I read this book almost a month ago, and am sadly realizing that I can barely remember anything about it. It had ghosts. It had a horrible, dysfunctional family. And it had a big, old house that brought them all together.
Did I like it? I honestly can’t remember how I felt about it at all.
Here’s what I do remember.
Longtime readers might recall that I have a weird obsession with Lauren Oliver. She wrote a gorgeous, brilliant debut (Before I Fall). It made me feel ALL of the feels. And then she followed it with a typical YA trilogy — it started strong, and got worse as each book progressed. By the end of the third book, I was pretty sure Before I Fall was a fluke, and I wanted to stab myself in the eye.
And then I read Panic. It wasn’t great, but it was much closer to the writing that had affected me way back when. Real dialogue and real teen problems. No dystopian rigmarole, no unrealistic love triangle, just people trying to deal with life. Much better.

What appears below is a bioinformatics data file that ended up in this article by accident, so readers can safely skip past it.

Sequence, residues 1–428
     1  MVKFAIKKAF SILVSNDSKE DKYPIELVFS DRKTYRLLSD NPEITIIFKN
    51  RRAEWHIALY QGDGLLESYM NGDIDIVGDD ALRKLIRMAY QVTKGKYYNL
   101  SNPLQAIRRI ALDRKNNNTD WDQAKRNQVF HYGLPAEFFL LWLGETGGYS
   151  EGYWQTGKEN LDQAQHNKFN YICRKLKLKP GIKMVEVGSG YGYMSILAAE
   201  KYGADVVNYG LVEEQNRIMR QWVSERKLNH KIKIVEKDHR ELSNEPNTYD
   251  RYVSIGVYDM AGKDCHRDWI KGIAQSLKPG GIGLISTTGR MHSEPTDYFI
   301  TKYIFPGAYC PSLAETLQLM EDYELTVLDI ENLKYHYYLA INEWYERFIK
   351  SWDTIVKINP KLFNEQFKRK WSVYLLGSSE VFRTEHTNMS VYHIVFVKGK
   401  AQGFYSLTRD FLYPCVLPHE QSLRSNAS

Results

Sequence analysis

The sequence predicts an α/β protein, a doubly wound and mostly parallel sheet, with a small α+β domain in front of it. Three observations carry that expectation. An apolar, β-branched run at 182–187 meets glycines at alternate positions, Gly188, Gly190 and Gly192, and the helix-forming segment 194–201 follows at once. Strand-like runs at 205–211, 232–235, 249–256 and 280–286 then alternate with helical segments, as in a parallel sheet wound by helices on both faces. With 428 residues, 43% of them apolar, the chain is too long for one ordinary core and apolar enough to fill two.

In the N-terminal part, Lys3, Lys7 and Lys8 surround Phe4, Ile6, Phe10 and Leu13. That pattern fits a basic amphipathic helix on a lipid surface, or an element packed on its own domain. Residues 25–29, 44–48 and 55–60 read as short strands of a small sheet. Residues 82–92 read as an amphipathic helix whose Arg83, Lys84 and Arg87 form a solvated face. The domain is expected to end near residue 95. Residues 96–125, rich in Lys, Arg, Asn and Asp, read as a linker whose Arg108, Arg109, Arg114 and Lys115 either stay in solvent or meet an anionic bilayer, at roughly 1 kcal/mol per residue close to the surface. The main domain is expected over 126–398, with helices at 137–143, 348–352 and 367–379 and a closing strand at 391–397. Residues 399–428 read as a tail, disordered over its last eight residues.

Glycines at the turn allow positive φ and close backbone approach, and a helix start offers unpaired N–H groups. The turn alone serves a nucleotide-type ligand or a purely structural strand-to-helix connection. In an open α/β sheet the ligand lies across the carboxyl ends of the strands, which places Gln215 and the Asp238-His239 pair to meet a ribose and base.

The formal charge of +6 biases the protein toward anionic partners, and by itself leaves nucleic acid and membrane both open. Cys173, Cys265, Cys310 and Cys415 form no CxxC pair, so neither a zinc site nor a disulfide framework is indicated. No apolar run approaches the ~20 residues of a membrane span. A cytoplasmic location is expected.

So then I saw that Rooms was coming out, and that it was her first novel for adults. Why it was specifically tagged an adult book is a mystery, as a few of the main characters are teenagers, and the book has a definite YA feel to it. But I digress…
Rooms is about a house in rural New York, and the various people who have lived there over the years. The most recent occupant has just died, and his estranged family — ex wife, daughter, suicidal teenage son, and granddaughter– show up to take care of his estate and the arrangements for his funeral.
They have no idea that there are two ghosts — both of women who died in the house at different times and are stuck roaming the halls– are watching their every move.
Trenton, the suicidal teenager, recently had a near-death experience and realizes that he can sense and hear the ghosts, even though nobody else can.
Why are the ghosts stuck in the house? Why is this family so crazily screwed up? What’s up with the police search for the missing girl that’s happening at the same time?
I hated this family. They were all just the worst. But the ghosts? I didn’t mind them so much. Their back stories were far more interesting than those of the living characters. I enjoyed their chapters wayyyyyyy more.
So where does this book fall on the Lauren Oliver spectrum? Clearly, not even close to Before I Fall. And honestly, not even as good as Panic or Delirium. But far, far better than Pandemonium and Requiem.
She has a newer YA book out, Vanishing Girls. I don’t think I’m going to read this one. I’m announcing that my Lauren Oliver experiment is officially over.